Male Lance-tailed Manakins (Chiroxiphia lanceolata) perform multi-male courtship displays for females. To characterize the behavioral repertoire and the lek spatial organization of this species, I observed lekking males on Isla Boca Brava, Chiriquí Province, Panamá. Breeding began in March and continued through June, though courtship displays were recorded as late as November. Males were active throughout the day at display areas on the dispersed lek. Display areas were spaced 102 ± 30 m apart and averaged 2,480 ± 1,060 m2 in area (range: 525–4,500 m2; n = 24 display areas). The behavioral repertoire of Lance-tailed Manakins included 11 dance display elements, 7 common vocalizations, and 2 types of male-male duet songs. Duet songs and multimale dances for females were cooperative efforts by male pairs and included display elements that were never performed during courtship displays by solitary males. However, males performed both cooperative and entirely solo displays for females that ended in successful copulation, which suggests that cooperation is not obligate in this species, at least on the level of individual displays. Two sonations, or nonvocal communicative sounds, were noted during courtship displays: low-amplitude pulses of noise produced in rapid sets of 7–30 clicks during slow flight displays, and a low-frequency woosh produced at the nadir of swoop displays. The Lance-tailed Manakin display repertoire provides information useful in comparative analyses of the origin and evolution of display behavior within the manakin clade and in studies of the adaptive consequences of individual behavior within this species.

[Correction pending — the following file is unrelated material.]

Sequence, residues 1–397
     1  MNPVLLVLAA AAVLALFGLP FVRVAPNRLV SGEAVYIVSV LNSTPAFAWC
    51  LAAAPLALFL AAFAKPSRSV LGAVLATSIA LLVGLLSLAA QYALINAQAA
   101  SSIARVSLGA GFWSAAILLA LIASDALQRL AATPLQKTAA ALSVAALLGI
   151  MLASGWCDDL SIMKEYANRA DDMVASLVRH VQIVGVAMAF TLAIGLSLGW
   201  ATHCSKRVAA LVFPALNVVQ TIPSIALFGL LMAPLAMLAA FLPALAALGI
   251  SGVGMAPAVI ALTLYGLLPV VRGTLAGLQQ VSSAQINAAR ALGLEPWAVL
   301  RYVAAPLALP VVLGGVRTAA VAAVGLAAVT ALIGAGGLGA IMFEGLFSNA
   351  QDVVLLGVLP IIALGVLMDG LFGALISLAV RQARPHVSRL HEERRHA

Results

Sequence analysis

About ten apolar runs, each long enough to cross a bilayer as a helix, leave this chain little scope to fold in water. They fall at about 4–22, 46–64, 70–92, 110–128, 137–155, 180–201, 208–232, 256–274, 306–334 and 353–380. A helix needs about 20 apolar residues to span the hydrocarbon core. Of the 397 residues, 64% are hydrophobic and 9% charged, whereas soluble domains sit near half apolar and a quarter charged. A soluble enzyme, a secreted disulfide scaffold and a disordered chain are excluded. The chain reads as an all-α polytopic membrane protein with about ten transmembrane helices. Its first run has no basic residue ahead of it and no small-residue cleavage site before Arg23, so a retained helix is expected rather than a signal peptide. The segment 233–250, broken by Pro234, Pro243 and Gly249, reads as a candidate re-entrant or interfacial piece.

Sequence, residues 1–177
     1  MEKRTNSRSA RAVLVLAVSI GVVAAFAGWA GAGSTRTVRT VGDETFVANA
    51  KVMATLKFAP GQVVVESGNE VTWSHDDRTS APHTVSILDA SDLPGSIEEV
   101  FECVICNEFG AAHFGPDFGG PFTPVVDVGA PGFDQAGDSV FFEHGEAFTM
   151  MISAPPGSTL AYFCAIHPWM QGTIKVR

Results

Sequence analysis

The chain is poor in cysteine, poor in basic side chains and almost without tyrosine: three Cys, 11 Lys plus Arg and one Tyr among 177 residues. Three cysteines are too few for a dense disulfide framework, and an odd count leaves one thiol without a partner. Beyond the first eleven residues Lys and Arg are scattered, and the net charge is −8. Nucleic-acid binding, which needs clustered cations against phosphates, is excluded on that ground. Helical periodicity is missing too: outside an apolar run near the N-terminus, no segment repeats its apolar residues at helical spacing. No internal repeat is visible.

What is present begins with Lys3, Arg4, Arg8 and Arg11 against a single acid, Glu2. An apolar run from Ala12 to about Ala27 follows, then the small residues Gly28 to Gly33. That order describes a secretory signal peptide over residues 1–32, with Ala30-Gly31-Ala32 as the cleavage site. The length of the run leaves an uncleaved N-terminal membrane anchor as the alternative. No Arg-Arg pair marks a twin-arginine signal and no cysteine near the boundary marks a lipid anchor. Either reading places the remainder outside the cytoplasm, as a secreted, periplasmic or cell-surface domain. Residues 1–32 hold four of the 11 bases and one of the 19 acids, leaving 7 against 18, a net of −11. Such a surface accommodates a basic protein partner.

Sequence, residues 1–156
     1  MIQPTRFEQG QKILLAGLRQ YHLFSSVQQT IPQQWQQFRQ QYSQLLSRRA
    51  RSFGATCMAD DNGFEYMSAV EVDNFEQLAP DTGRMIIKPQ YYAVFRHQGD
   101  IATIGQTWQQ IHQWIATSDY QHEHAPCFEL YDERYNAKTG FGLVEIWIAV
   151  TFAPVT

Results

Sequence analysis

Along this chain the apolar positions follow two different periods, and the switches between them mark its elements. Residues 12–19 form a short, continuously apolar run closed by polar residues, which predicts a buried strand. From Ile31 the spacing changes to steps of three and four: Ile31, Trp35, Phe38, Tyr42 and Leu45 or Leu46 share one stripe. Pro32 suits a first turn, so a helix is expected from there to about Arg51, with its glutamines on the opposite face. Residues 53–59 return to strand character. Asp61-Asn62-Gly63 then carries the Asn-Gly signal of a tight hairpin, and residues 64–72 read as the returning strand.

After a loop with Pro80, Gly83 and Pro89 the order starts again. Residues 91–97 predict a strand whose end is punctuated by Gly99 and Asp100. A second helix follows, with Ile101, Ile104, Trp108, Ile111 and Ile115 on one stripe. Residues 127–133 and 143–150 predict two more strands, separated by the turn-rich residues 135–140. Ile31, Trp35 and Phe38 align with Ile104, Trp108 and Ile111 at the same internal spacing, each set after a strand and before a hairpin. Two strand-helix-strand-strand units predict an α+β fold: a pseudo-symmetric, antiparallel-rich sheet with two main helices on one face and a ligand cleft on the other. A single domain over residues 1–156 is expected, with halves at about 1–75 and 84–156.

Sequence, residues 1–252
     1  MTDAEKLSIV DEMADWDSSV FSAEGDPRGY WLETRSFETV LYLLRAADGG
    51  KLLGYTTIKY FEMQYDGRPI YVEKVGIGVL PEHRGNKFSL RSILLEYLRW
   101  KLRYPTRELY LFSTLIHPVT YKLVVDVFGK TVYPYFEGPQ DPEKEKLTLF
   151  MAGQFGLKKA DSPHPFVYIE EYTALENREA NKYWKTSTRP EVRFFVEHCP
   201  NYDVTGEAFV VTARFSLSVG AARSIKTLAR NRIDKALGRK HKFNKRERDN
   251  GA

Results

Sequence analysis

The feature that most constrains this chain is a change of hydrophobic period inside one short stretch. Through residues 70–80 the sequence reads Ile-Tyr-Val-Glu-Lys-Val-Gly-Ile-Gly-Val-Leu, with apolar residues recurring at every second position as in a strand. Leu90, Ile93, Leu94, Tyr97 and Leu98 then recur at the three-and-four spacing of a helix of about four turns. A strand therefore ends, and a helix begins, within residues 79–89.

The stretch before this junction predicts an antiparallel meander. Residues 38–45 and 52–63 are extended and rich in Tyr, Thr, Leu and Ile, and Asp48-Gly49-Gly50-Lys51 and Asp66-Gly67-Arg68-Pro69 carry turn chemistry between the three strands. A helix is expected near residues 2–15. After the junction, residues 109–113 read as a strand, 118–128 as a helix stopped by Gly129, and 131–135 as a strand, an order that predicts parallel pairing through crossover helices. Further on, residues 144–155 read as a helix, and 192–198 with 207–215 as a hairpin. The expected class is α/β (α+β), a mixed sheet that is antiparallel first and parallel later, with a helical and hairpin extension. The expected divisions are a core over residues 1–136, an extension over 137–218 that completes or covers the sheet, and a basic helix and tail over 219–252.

Exhibición Cooperativa y Comportamiento de Asambleas de Cortejo en Chiroxiphia lanceolata